Ann Arbor Real Estate Information
- About Ann Arbor
- Schools Information
- Market Statistics
One of the Best Cities To Find A Job. (US News & World Report, 2011)
The country’s Smartest Big City. (bizjournals.com, 2011)
A Top 10 US City For Well Being. (US News & World Report, 2011)
There’s no shortage of accolades and positive attributes used in conjunction with Ann Arbor, one of Michigan’s largest cities and home to the world-renown University of Michigan, the largest college football stadium in the world, and a medical research institution continually rated by various media organizations and industry groups as one of the best in the country.
Founded in 1824, Ann Arbor, Michigan began its rise when the University of Michigan relocated from Detroit. Now the city’s largest employer (approximately 30,000 workers), the university system has become intertwined with Ann Arbor itself, spawning a citywide culture draped in the school’s maize and blue colors and sporting the educational, artistic, and progressive vibrancy one would expect to find in a place housing one of the country’s largest educational institutions (approximately 43,000 undergraduate and graduate students).
While not directly responsible for Ann Arbor’s culture, the University’s presence is key. The Hill Auditorium, Lydia Mendelssohn Theater, and the Power Center for the Performing Arts – all located on campus – present local, national, and international acts. Musicians have found the city a magnet; Alice Cooper, Iggy Pop, George Clinton, and Bob Seger all called Ann Arbor home at one point. Longtime locals and former students may remember performances from Dave Matthews Band and Nirvana at the small Blind Pig before those groups became internationally successful. Downtown Ann Arbor is home to a number of bookshops that feature author reads and poetry slams, and politicians, celebrities, and acclaimed experts regularly drop by campus. Presidents are no stranger to the city: John F. Kennedy spoke publicly for the first time about the Peace Corps on the steps of the Michigan Union in 1960. Lyndon Johnson gave the commencement speech in 1964, and Barack Obama, Bill Clinton, Woodrow Wilson, and Theodore Roosevelt have all graced the city with their presence.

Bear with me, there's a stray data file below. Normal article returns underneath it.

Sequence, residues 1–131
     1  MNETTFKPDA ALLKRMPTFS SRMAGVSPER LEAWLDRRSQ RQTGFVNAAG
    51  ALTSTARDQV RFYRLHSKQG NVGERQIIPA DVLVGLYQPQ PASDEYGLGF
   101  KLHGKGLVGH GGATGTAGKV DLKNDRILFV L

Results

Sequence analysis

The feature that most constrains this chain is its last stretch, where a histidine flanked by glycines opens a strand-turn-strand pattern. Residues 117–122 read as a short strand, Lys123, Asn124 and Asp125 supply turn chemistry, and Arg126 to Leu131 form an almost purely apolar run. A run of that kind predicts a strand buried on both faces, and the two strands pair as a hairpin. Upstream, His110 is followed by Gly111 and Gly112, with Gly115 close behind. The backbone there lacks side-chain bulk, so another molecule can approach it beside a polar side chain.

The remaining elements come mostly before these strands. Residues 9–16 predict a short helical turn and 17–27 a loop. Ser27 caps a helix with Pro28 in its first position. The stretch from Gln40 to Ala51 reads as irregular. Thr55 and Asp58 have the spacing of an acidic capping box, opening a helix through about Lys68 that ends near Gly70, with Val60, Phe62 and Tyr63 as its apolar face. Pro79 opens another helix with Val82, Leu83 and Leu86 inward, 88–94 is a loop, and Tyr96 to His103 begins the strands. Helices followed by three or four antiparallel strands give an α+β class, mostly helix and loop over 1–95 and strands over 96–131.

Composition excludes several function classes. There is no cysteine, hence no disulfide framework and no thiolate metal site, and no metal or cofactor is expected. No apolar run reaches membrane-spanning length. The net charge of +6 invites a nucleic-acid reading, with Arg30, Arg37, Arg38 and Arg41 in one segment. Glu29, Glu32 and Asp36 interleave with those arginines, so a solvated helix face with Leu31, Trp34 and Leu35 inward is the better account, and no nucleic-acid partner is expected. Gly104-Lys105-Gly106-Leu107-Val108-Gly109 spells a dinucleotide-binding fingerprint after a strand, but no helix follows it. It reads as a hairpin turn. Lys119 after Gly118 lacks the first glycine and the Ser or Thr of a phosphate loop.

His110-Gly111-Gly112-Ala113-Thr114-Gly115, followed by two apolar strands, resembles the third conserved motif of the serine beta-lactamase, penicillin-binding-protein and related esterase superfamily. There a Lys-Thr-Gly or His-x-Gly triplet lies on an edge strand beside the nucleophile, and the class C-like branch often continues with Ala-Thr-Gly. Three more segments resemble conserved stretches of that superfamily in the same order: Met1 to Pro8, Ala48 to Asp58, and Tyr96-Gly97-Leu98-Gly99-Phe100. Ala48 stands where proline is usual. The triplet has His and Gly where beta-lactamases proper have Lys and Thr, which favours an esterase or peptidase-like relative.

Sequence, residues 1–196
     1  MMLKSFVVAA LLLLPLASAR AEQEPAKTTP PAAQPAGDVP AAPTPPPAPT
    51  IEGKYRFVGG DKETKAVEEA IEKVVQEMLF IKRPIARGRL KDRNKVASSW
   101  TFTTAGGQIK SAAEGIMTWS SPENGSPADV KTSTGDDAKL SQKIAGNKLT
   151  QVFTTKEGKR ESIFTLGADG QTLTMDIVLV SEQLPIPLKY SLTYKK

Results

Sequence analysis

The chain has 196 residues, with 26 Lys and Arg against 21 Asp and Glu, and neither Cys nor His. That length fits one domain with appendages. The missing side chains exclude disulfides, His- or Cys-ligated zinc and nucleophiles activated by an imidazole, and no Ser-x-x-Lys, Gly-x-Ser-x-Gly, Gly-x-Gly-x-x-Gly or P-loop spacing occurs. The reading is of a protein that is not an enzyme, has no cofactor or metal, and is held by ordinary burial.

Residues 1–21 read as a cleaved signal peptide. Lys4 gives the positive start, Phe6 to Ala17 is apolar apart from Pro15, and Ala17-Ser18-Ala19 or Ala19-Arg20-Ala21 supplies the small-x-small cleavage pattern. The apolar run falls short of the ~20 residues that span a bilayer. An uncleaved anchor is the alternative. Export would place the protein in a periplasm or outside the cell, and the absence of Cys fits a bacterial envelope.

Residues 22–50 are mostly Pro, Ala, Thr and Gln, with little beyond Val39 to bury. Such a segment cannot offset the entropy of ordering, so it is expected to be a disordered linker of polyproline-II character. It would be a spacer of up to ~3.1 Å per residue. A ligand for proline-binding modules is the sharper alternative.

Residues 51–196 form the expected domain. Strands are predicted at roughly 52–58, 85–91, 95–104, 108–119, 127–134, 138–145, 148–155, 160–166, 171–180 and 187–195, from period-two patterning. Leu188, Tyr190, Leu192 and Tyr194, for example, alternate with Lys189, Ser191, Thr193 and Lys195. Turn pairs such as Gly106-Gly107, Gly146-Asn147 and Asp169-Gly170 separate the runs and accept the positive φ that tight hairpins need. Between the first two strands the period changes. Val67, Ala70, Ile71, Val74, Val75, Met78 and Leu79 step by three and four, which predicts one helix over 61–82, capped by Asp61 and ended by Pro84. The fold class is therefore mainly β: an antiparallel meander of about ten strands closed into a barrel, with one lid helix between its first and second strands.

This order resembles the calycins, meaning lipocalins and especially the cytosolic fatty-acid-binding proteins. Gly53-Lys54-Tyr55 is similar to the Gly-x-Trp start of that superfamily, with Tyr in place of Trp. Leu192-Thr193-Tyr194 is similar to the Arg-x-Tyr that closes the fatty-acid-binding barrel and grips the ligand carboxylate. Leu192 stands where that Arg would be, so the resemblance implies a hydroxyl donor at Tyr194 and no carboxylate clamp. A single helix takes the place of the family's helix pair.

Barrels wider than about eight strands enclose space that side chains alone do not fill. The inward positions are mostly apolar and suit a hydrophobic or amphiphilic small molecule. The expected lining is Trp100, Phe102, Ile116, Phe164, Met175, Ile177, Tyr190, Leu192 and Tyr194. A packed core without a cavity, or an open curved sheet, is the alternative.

Downtown Ann Arbor is a world unto itself, with restaurants featuring cuisine from countries the world over, a restaurant themed after Edgar Allen Poe’s The Raven, coffee shops, tea rooms, bookshops selling only new-age items, bookshops selling only textbooks, enough pizza stops to keep you stuffed for a year, art galleries, boutiques, beer gardens, beer breweries, karaoke bars, and wine bars. Running a marathon? There’s a store for everything you need. Need some Ethiopian food? No problem. Live music? The Blind Pig and The Ark have you covered.
If your scene is one that requires more physical activity or outdoor time, Ann Arbor can help. The city sports 157 parks, including four city pools, two city golf courses, two ice rinks, two canoe liveries, 24 miles of on-road bike lanes and 60 miles of park bicycle paths. You’ll find dog parks, baseball diamonds, basketball courts, tennis courts, playgrounds, and soccer fields dotting every corner of the city. Ultimate frisbee and lacrosse are not uncommon sights. One of Ann Arbor’s numerous nicknames is Tree Town; it claims 100,000 trees in its borders.
About 35 miles west of Detroit, Ann Arbor is its own city but still is within easy reach of Detroit and its suburbs. Living in Ann Arbor means you’ll be surrounded by tree-lined properties. The city contains the hustle-and-bustle of a college town, but also the friendliness and peace necessary for raising a family. The residential neighborhoods mix classic 19th-century and early-20th-century designs (white picket fences are not uncommon) with ranches, many of which are within a fair walking distance of downtown. Contemporary and larger homes are typically found at least two miles from downtown. The Old West Side neighborhood is on the National Register of Historic Places. Apartment complexes are quite common due to the number of students in Ann Arbor.
Beyond the University, of course, is the public school system. The Ann Arbor Public School system is 20 elementary schools, 1 K-8 open schools, 5 middle schools, 6 high schools, pre-school, and 1 adult education program. Various programs within the schools are nationally recognized, including the music program, and the system can claim a number of National Merit Awards.